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Former house help turned Musician: Why I said no to married bosses

TURNING POINT
By Stephen Mburu | July 27th 2021

Musician DOROTHY ADHIAMBO dropped out of school to be a house help after her parents died. She tells STEPHEN MBURU how she managed to confront fate and regain her strength to forge forward and create a better life.

Tell us about yourself

I was born in 1985 and brought up in Kabondo Kasipul Constituency, Homa Bay County. At the age of five, my parents died under mysterious circumstances.

No one could explain what had happened to them. I have never recovered from this loss. My grandmother took me in and stayed with me until I got to class four, and then I moved to my aunt’s place. I stayed there until I sat my KCPE at Kolueny Primary School.

What happened next after completing your national examinations?

Unfortunately, my grandmother also died. My relatives didn’t bother much about furthering my education. Therefore, I had to leave my aunt’s place and search for a job. Early 2002, I started my first job as a house help.

How was is it being a house help at such a tender age?

It was not easy. I didn’t want to work as a house help, but the circumstances forced me to. The work was not easy as I had to wake up very early in the morning, prepare breakfast for the family, clean the house and do laundry. Sometimes I worked extra hours just to please my bosses and keep my job. My first job was in Kisii where I earned Sh700 monthly, an amount that was too little to even save by the end of the month. I later moved to Kisumu, Kitale and then to Nairobi.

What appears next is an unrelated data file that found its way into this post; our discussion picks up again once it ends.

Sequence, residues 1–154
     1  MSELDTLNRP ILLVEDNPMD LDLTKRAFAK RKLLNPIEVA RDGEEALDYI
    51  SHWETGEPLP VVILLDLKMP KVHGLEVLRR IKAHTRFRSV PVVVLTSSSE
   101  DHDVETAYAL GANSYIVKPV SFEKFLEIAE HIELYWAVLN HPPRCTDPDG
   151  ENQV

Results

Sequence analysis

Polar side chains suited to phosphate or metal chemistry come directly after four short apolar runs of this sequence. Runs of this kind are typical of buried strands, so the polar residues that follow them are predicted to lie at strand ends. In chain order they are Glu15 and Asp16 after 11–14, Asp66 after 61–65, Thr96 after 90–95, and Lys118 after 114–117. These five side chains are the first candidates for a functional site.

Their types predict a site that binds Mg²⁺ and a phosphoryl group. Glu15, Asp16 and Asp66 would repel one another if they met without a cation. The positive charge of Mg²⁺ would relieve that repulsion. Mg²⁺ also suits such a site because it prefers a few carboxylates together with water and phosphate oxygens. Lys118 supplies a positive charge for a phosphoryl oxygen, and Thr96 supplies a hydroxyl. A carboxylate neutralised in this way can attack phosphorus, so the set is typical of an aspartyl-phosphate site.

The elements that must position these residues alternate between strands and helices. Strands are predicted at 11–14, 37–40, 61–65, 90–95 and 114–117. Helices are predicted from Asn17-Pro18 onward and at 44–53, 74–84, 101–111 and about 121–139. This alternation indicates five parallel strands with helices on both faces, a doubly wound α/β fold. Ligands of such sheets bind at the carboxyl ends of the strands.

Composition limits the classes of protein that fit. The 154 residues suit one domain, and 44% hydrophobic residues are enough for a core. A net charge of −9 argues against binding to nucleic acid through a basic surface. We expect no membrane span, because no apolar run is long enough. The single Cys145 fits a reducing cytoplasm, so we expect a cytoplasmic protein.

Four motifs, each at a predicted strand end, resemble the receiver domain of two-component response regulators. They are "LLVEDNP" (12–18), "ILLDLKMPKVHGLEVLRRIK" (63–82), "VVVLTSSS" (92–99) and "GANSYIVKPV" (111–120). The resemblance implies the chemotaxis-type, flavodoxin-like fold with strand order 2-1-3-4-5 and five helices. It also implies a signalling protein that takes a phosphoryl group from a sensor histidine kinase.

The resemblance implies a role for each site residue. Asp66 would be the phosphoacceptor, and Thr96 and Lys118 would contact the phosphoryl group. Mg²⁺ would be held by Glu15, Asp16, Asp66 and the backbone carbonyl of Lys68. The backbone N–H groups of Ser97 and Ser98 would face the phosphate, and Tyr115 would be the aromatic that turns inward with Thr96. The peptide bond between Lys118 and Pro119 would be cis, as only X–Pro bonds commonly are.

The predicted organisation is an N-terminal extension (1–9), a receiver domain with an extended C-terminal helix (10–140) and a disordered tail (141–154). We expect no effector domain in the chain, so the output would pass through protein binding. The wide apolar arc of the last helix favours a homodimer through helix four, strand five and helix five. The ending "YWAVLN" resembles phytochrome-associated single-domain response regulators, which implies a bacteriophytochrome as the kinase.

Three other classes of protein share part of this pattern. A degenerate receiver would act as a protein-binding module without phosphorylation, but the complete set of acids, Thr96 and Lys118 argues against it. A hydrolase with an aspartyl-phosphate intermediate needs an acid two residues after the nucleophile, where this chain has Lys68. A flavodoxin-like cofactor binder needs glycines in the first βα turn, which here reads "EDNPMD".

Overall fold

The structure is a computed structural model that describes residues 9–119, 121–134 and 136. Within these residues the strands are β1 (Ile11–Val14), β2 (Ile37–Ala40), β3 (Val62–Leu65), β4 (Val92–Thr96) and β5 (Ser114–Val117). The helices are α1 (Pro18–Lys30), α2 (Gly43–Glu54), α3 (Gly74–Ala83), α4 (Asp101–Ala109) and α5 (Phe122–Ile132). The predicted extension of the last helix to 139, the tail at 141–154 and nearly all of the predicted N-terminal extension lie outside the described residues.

How was it like, being a house help?

Sometimes I was told to clean the master bedroom and that didn’t go so well with the men of these houses. While others saw it as a chance to lure me to be their mpangos, I maintained that I wasn’t ready to break anyone’s marriage. I remember I even had to leave work after I refused advances from one man.

Did you have any alternative skills?

At the time, no. But I saved from the money I got from working in Kisumu and Kitale and got training in hairdressing and tailoring. I wanted to boost my skills because I didn’t want to be employed for the rest of my life. Later on, I travelled to Nairobi for another house help job that a friend had referred to me. Two years later, I got pneumonia and since I couldn’t work in the house any longer, so I returned home.

 Did your relatives welcome you?

It was hard at first, but at that point, there was no one else who could have helped me except those relatives. So during my stay at home and after I got well, I decided to practice my tailoring and hair dressing skills where I would do door-to-door services. However, the returns were not good enough so I came back to Nairobi and opened a small hotel at Muthurwa market. I used my savings from the last job I had.

 What was your turning point?

After realizing that my relatives were not concerned about my welfare, I decided to use my time, talent and little savings to shape my life. The first thing I did was to let go the expectations I had of them and accept my fate as an orphan. That healed the bitter part of me.

 Did you forgive them?

Yes, I let bygones be bygones. I am now focusing on using my music talent and inspiring others to be patient and know that nothing lasts forever.   

 What lessons have you learnt?

First, that parents play a crucial role in the development of one’s life. We should cherish and love our parents. Secondly, working hard should be part of our lives. 

Better results will only come to you if you work hard and be consistent in what you do. Lastly, losing hope is the last thing you should ever think of.

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